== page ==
By Linda Fisher Thornton This series has explored 5 important spheres of Ethical Thinking and Decision Making. This week I'm summing it up in a checklist that will help you apply all 5 to your daily choices. When you are making a key decision, run it through the checklist to be sure you have considered all 5 important dimensions.
By Linda Fisher ThorntonThere are many ways to define "ethical leadership" but there is increasing global interest in learning "ethical leadership" in a holistic and authentic way. This authentic ethical leadership takes us beyond laws and regulations, beyond respect for others and beyond traditional definitions of a business "win." It generates a positive leadership legacy and a better shared future. If this sounds like the kind of leadership you want to learn, you've come to the right place. The Leading in Context Blog now includes 500 articles on high-level, holistic and global ethical leadership. This blog started off as a way to organize and share emerging research in my leadership classes. Ten years later it has become a "go-to" site for organizational leaders across industries, university professors and seekers looking for a better way to lead.
By Linda Fisher Thornton The recent post "It's Not About Us" was the most popular post of all time on the Leading in Context Blog. It described how our understanding of leadership has moved beyond a focus on the leader to a focus on creating shared value for others.
By Linda Fisher Thornton How many really great leaders have you worked for? If we're very lucky, we will have had the chance to work for great leaders in most of the jobs we've held. Let's be honest though - how many people are that lucky?
by Linda Fisher Thornton On Thursday, I spoke about The Future of Ethics and Business Leadership at the Richmond SHRM Strategic Leadership Conference. My lens was leadership development - how to help leaders be ready to lead ethically in a highly complex, connected future. Here are some success principles for developing "Ethical Leader Future:"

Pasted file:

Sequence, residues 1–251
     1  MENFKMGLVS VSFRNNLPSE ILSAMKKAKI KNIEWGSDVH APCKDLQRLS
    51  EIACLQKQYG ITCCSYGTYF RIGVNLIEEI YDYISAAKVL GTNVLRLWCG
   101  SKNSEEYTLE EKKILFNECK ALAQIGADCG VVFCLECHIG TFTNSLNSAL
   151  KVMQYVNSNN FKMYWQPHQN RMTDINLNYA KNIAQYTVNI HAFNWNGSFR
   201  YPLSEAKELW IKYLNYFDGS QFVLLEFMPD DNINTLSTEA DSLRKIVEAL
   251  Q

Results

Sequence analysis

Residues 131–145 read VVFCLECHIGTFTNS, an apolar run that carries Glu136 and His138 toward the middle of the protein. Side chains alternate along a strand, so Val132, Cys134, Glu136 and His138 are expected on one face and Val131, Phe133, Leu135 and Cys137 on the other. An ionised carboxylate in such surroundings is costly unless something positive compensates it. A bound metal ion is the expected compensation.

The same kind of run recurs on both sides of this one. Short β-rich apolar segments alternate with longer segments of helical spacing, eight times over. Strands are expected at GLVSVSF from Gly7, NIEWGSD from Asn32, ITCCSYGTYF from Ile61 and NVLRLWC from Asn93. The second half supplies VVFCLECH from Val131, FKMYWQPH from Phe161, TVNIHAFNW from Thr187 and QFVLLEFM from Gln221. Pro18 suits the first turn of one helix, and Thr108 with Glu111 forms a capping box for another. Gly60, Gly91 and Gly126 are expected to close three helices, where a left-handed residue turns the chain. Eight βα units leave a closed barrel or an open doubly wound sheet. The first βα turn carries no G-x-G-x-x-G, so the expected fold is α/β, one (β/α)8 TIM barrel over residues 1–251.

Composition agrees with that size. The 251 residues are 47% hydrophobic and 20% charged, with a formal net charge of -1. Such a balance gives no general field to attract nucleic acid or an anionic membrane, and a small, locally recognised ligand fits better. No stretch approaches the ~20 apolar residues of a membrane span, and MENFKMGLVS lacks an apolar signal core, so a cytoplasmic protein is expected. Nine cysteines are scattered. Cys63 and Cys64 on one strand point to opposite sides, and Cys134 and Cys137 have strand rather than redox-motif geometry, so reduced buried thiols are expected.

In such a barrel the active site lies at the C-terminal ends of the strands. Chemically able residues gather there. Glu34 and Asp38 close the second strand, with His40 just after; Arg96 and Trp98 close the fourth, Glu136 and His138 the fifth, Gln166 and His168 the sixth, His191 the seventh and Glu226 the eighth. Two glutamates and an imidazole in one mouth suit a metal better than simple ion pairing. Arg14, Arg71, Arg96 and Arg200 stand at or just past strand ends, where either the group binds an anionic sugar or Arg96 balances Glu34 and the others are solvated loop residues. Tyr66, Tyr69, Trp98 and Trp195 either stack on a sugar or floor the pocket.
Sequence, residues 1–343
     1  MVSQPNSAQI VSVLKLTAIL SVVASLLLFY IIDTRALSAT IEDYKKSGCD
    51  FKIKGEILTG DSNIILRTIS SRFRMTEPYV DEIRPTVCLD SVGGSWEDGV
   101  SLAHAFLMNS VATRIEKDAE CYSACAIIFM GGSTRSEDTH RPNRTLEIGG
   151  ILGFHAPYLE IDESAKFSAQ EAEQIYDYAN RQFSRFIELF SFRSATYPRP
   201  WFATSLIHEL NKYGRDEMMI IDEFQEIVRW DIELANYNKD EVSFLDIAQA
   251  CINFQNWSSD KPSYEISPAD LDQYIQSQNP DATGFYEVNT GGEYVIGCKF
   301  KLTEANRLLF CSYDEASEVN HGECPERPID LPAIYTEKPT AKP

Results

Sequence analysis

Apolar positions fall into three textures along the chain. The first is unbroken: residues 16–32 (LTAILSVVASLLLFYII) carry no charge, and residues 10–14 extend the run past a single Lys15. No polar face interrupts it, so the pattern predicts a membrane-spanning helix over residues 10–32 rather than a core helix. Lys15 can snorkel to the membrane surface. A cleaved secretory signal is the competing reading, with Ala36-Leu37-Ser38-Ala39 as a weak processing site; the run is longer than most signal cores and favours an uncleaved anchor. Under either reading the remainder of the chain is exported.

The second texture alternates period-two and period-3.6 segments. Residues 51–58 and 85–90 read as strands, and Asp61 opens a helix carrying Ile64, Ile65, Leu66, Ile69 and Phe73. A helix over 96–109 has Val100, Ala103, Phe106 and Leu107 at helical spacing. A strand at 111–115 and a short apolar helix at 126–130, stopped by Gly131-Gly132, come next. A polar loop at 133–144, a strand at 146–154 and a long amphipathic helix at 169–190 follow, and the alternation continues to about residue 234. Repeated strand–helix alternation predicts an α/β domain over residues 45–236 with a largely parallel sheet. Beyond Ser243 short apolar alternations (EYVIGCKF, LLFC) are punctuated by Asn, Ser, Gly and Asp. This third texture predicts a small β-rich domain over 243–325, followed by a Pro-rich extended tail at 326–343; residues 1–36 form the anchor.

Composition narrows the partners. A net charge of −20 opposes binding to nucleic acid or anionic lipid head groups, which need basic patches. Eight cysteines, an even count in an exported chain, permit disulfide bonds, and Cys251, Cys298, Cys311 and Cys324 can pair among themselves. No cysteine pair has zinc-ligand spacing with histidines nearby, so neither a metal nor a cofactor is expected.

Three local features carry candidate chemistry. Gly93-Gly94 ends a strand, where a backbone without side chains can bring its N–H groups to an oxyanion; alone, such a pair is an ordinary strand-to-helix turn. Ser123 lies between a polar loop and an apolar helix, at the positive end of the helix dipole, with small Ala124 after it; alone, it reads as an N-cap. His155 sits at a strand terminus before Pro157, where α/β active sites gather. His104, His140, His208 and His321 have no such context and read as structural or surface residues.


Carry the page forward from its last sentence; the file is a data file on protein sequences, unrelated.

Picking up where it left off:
As we deal with increasing work complexity, connection and speed, we need a strong moral center to guide us. We can think about it as having a strong character, being principle-centered, having integrity, or following an ethical compass. No matter what we call it, we need a strong moral foundation.
by Linda Fisher Thornton The Merriam-Webster Learner's Dictionary defines civility as "polite, reasonable, and respectful behavior." These are the kinds of behaviors we use when we treat others with care. According to Michael Brannigan, The Pfaff Endowed Chair in Ethics and Moral Values at the College of St. Rose in Albany, NY., "Ethics deals fundamentally with how we treat each other on a daily basis. Indeed, our small acts of civility and incivility constitute the heart of morality."
by Linda Fisher Thornton Developing Leaders Pays Off Ongoing development for leaders helps companies. According to several recent reports, businesses that invest in leadership development enjoy clear advantages. These advantages include improved bench strength, improved talent retention and greater market value over time.
Scholars and Practitioners Working Together Scholars and practitioners see the world from different perspectives in making ethical leadership practices clear, providing an opportunity for them to learn from one another. It takes both a research focus and a focus on real-world relevance to provide the kind of clarity that today's leaders need.
What is Transdiciplinarity? The Institute for the Future and the University of Phoenix Research Institute list transdisciplinarity as #7 in a list of skills critical for Workforce 2020. They define it as "understanding concepts across multiple disciplines."
The Trouble With Profit-Based "Ethics" The trouble with using a profit-based definition of "ethics" is that by using profitability as a way to make decisions, an entire spectrum of other issues is conveniently ignored: